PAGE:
New Delhi: According to the new Central Media Accreditation Guidelines 2022, announced on Monday, Journalists could lose or have their accreditation suspended if they act in a manner “prejudicial to the sovereignty and integrity of India, the security of the state, friendly relations with foreign states, public order, decency or morality, or in relation to contempt of court, defamation or incitement of an offence”.
There are over 2,400 journalists accredited with the PIB, an agency under the Union information and broadcasting ministry.
The Press Information Bureau released the new guidelines on Monday. The rules outline 10 conditions under which accreditation can be lost. They include submission of fraudulent documents or use of the accreditation for non-journalistic activities. Accreditation can also be revoked if a journalist is charged with a “serious cognisable offence”. The rules prohibit journalists from mentioning “accredited to the government of India” on social media.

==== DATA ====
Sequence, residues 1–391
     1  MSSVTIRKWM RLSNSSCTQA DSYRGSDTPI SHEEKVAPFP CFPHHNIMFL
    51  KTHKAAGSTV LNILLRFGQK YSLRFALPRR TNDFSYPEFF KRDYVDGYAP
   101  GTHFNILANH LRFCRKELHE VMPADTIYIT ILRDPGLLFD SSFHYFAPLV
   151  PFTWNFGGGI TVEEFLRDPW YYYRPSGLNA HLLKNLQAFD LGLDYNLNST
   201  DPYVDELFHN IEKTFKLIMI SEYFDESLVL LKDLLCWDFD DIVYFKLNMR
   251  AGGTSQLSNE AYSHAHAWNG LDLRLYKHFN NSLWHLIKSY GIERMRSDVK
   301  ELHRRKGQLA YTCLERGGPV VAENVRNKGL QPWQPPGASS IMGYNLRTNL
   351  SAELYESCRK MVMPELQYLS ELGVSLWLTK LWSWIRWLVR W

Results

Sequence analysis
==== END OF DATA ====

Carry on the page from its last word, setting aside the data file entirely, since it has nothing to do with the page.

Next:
Journalists working for digital media news publishers, which are not aggregators and have shared their details with the ministry under the Information Technology (Intermediary Guidelines and Digital Media Ethics Code) Rules, will now be eligible for accreditation.
They should have at least five years of experience for accreditation. A website must be at least one year old and have at least one million to five million unique views over the preceding six months to get one journalist accredited. Websites with over 10 million views are eligible for four accreditations. They will have to submit an average monthly unique visitor count of the last six months certified by the approved empanelled auditors
The accreditation guidelines were last amended in September 2012. They said if an applicant or a media organisation is found to have supplied false, fraudulent, or forged information, documents, its representative “shall be debarred from accreditation up to a maximum of five years but not less than two years”.